SMHM 9 - WEIGHT MANAGEMENT AND FITNESS Introduction Recent...

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WEIGHT MANAGEMENT AND FITNESS Introduction Recent studies tell us that, in the initiation and progress of chronic disease, a lack of fitness is a more significant risk factor than weight. As a result, rapid weight loss is not the best way to reduce your risk. Achieving a healthy weight is important, but an overly aggressive weight loss regime results in loss of muscle tissue as well as fat. As routine Calorie intake changes so does weight. Positive energy balance occurs when you consume more energy than you spend. A positive energy balance causes weight gain. Negative energy balance occurs when you consume less energy than you spend. Negative energy balance causes weight loss. Energy reserves include glycogen, a storage form of carbohydrate, amino acids derived from body proteins, and fat in adipose tissue. During exercise, muscle cells process glucose to gain ATP, which energizes contractions. Basal Metabolic Rate (BMR) is the minimal amount of energy that you need when awake and at rest in a relaxed supine position. It is a starting point in determining daily Caloric needs. The thyroid gland regulates BMR, and irregularities in thyroid function have implications for weight management. Your physical activity level (PAL) has a direct influence on the number of Calories that you need each day. Activity Factors for calculating daily energy needs range from very lightly active to vigorously active lifestyles. The metabolic response to food is that energy that is required for the ingestion and digestion of food, and the absorption, transportation and utilization of nutrients. Body Mass Index (BMI) is a measure of the relationship between weight and height. BMI is used to determine if obesity is present. Body fat distribution, whether fat is located in the upper or lower part of the body, provides clues to risk of heart disease, type-2 diabetes, and high blood pressure. Ideal Body Weight (IBW) also is used to determine if an individual is at risk of weight-related chronic disease. IBW is calculated using a different formula for men than for women.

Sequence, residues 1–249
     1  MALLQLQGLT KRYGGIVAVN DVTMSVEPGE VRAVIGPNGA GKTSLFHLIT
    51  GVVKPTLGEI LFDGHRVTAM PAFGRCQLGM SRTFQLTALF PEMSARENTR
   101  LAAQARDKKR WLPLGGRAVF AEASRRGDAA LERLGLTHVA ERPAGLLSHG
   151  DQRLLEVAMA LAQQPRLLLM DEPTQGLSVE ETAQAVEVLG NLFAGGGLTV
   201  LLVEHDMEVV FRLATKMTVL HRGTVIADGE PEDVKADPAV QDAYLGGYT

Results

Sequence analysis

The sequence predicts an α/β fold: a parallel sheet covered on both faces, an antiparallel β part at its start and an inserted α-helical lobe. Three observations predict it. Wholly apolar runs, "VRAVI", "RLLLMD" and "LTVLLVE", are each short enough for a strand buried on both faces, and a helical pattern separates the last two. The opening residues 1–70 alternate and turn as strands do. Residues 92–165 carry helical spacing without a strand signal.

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A pound of body fat represents approximately 3,500 Calories. A reasonable weight loss goal is one pound per week. For some maintaining or increasing body weight is a goal. Moderate exercise accompanied by a balanced diet adequate in energy and protein promotes muscle development and avoids fat deposition. You can calculate the energy content of foods you eat by going to the U.S. Department of Agriculture Food Composition Tables. Learning Outcomes Describe the relationship between fitness, weight management, and prevention of chronic disease Outline the concept of energy balance List the body's energy reserves in order of use Differentiate between aerobic and anaerobic energy production Recognize protein's contribution to total energy needs during physical activity Estimate your Physical Activity Level (PAL) and relate it to daily energy needs Describe the metabolic response to food
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This note was uploaded on 02/08/2011 for the course SMHM 1450 taught by Professor Craft during the Spring '08 term at North Texas.

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SMHM 9 - WEIGHT MANAGEMENT AND FITNESS Introduction Recent...

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